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The async-first playbook: remote collaboration techniques for agile software teams
Moghe S., Pearson, Hoboken, NJ, 2023. 368 pp. Type: Book (0138187533)
Date Reviewed: May 14 2024

In early 2001, frustration over unproductive software development projects led a group of professionals meeting in Utah to declare a manifesto for agile software development, proposing interaction between individuals over formal development processes and working software over detailed documentation. The agile methodology for software development grew quickly in the following years, with many works such as Highsmith’s [1] (one of the original 17 manifesto authors) describing how it can be successfully employed.

Drawing on his experience in leading distributed development teams, along with the recent pandemic that forced development teams to use remote working, Moghe describes issues with conventional agile approaches that are too “synchronous” for today’s remote teams. He notes that cultural and communication issues, the impact of multiple time zones, poorly written communications, and the dominance of some individuals in meetings can all conspire to reduce the effectiveness of agile processes. In this book, he presents “asynchronous” (defined as the practice of team working that doesn’t require multiple people to be online simultaneously) techniques and tools to make agile development, and remote working in particular, more efficient, inclusive, and effective.

The book is divided into six parts. Part 1 introduces the issues as seen by Moghe, describing the value of asynchronous collaboration and how to shift teams to an “async-first” way of working. The elimination of long hours commuting to the office (although I found this time useful for planning and reviewing my workday), the overdependence on meetings, interruptions to concentrated work, and a lack of good written records are all discussed.

Part 2 lays out the fundamental elements for an async-first approach to team working, and looks at the tools, skills, and behaviors needed for asynchronous collaboration. Details show how to structure the workflows, decision-making, and communications needed to deliver an effective development environment. Not limited to theory, Moghe draws on his practical experience to provide actionable and pragmatic steps for agile teams to implement an async-first approach.

Following on, Part 3 forms the largest section of the book--“A Practitioner’s Guide,” with each of its 15 chapters addressing common collaboration practices that software development teams follow, examining async-first alternative approaches as well as ways to improve those practices that may need to remain synchronous. Discussion covers meetings, team handbooks, team onboarding, messaging, coding, written communications trails, and more, with each chapter being standalone, allowing the reader to select only those practices that they need.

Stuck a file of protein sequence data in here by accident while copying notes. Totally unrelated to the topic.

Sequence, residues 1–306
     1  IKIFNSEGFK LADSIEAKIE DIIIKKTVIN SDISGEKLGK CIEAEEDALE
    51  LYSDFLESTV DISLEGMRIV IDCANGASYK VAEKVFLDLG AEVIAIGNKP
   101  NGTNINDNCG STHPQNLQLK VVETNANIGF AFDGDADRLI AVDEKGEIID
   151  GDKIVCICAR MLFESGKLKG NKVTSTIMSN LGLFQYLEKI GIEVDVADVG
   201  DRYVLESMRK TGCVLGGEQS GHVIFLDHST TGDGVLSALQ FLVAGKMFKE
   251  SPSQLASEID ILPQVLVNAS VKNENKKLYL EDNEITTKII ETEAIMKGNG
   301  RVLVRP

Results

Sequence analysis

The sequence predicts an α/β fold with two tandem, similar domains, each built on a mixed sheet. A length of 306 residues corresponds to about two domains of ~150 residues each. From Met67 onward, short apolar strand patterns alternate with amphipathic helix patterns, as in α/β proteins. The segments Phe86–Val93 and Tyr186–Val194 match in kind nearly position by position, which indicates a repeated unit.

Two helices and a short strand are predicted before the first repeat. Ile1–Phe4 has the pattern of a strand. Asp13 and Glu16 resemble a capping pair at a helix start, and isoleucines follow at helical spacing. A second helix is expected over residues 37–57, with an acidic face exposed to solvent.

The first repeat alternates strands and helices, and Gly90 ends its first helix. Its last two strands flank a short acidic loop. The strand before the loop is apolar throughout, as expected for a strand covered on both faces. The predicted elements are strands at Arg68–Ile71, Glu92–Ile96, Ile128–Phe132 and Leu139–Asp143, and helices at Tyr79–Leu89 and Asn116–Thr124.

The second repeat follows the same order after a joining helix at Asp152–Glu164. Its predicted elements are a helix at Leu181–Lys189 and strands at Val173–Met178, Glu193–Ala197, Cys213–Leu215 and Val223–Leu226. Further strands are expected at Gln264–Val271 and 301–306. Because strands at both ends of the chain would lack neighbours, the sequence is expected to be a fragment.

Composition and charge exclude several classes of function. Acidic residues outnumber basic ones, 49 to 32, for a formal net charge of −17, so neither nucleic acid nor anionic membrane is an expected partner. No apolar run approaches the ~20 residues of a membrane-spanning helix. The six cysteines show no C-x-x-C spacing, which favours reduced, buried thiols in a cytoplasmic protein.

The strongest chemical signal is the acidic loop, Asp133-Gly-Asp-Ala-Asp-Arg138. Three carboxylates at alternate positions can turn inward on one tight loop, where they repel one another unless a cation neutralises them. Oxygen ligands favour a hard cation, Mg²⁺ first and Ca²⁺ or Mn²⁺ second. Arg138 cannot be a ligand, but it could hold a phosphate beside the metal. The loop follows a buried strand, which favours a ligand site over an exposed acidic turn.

Part 4 provides advice to team leaders on the mindset shift needed to set up and effectively manage development teams, facilitate efficient meetings, and create effective team communications. The three chapters of Part 5 provide advice on successfully navigating common pitfalls with using async-first. Case studies are used to illustrate issues, including personal workstyles, preferred working arrangements, managing organizational change, and guarding against building toxic work patterns. Useful and practical experiences from Moghe’s past are employed for illustration.

Part 6 summarizes the book and brings it all together. An example five-step plan that could be used to move to an async-first way of working is presented, along with a “starter kit” collection of useful tools and templates to guide progress and helpful, practical advice and suggestions. The final chapter considers five future trends in team development work using a hypothetical case study for illustration.

Each part begins with a short introduction and each chapter concludes with a succinct summary. The book is well structured, and the detailed table of contents, endnotes by chapter, and thorough index make it accessible and useful as a reference. Moghe’s inclusion of valuable experience from his long career makes this work indispensable for any agile team, particularly those that involve geographically dispersed remote working.

More reviews about this item: Amazon

Reviewer:  David B. Henderson Review #: CR147763
1) Highsmith, J. Agile project management: creating innovative products. Addison-Wesley, Boston, MA, 2004.
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